Though Seim once aspired to make Lackthereof his "main gig," the success of Menomena—which culminated in last year's Friend and Foe—eclipsed his solo efforts. But, thanks to a partnership with high-profile Seattle indie label Barsuk Records (which struck it big with Death Cab for Cutie and released Friend and Foe), Seim's being thrust into the singer-songwriter spotlight with Lackthereof's ninth release, Your Anchor—on which he plays everything. The album features tracks ranging from upbeat, textured pop songs with plenty of percussive elements, repetitive mantras and clever lyrics ("I'm not gonna say the/ Say the/ Same thing twice today" on "Ask Permission") to brooding, dreamlike numbers (including a dissonant cover of the National's "Fake Empire").
While the Barsuk deal ensures a much larger audience for Lackthereof (most of its previous records were self-released on CD-Rs, with two on smaller-distribution Portland label FILMguerrero), it also leaves Seim, as he puts it, "feeling really vulnerable." "It's pretty horrifying. With Menomena, if it totally fails, there's two other guys to blame it on. Now, it's all on my shoulders."
But Seim, a 31-year-old Hawaii native who spent his formative years in Portland's suburbs playing Christian rock in a band called Bede (after "the Venerable") with future Menomena bandmate Justin Harris, had bigger obstacles to overcome than just stepping out from behind his kit. For years he struggled with the concept of being a secular musician. Raised Christian, Seim says his first encounters with pop music were associated with Satanism. "It was just so, so catchy. [I thought,] it's catchy because Satan is digging his claws into my brain; that's the only reason I'm being so pulled to this music. I didn't understand: Oh, it's a pop hook."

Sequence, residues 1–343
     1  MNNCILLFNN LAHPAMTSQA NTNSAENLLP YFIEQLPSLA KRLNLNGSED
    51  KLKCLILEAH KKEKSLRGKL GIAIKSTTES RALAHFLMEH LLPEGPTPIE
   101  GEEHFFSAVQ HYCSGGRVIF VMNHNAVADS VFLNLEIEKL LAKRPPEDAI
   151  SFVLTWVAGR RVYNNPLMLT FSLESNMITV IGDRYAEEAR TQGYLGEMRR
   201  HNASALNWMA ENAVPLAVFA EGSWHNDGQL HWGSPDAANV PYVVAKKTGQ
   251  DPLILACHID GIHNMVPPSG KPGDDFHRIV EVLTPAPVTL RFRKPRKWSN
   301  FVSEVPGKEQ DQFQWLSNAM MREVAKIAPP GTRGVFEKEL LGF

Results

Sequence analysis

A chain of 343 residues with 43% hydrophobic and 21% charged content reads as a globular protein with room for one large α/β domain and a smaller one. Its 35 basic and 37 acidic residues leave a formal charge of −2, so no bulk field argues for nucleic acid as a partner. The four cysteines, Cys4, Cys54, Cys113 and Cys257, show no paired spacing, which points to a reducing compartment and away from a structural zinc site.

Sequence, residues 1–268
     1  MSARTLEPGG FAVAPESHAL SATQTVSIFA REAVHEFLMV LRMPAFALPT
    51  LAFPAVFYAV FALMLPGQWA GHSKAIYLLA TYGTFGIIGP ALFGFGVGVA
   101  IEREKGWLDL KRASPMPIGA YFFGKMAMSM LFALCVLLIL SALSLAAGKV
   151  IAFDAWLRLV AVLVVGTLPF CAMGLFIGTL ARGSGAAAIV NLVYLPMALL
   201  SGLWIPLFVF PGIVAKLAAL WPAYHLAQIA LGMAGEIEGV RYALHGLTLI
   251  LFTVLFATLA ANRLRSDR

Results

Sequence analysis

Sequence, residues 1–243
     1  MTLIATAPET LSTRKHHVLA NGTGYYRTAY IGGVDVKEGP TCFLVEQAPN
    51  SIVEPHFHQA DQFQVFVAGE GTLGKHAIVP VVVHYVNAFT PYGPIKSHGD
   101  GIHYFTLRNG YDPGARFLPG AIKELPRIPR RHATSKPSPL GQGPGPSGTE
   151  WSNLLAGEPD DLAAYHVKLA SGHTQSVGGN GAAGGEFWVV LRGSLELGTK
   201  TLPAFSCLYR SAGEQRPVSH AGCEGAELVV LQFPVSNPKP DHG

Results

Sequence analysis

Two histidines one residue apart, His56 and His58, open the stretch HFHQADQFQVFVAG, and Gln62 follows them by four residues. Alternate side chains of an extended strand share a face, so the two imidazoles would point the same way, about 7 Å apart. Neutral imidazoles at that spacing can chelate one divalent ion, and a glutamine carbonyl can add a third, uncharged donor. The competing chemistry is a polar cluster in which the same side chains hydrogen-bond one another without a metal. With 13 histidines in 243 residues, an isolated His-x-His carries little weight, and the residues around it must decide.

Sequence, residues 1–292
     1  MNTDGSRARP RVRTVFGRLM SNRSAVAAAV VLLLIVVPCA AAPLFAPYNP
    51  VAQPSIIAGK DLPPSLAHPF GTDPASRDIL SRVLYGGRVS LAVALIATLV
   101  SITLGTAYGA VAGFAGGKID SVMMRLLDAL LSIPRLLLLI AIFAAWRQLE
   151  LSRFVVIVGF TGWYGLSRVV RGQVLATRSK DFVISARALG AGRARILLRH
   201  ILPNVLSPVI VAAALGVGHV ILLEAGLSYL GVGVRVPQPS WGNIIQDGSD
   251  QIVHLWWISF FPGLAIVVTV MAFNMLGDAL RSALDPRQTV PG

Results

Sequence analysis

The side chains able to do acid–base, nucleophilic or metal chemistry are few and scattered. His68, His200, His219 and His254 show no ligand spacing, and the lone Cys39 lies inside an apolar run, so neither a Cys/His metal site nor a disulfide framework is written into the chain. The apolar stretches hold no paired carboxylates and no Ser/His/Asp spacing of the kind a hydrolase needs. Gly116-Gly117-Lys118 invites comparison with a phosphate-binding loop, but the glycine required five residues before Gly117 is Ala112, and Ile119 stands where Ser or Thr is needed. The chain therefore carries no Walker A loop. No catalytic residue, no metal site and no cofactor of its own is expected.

Nowadays, the excitable drummer (who screenprints onesies for Southeast Portland's Egg Press in an effort to "keep it real") is plenty comfortable crafting his own pop hooks. And he's recruited Matt Dabrowiak and Paul Alcott of Dat'r, as well as Boy Eats Drum Machine's Jonny Ragel, for live support. "It's pretty easy to be in front of the computer recording, 'cause you can sing 5 billion vocal parts," Seim explains. "It's the blessing and the curse of self-recording: 'Let's have 500 tracks! Let's have 10 guitars! Why not?' OK, now how are we gonna pull this off without hiring an orchestra?"
Seim is pulling it off, self-consciousness and all. And he's overcome many of his issues with leading an "evil" rock-star life: "I've went through so many periods of selling all my secular albums, then rebuying them, then selling them again. I'm definitely kind of hyper-aware and embarrassed.... [But], it's like, OK, this kind of made me who I am, for better or for worse." For better, I'd say.
SEE IT: Lackthereof plays Thursday, July 17, with Dykeritz and Alan Singley & Pants Machine at Holocene. 9 pm. $6. 21+. Listen to Your Anchor's "Last November" here.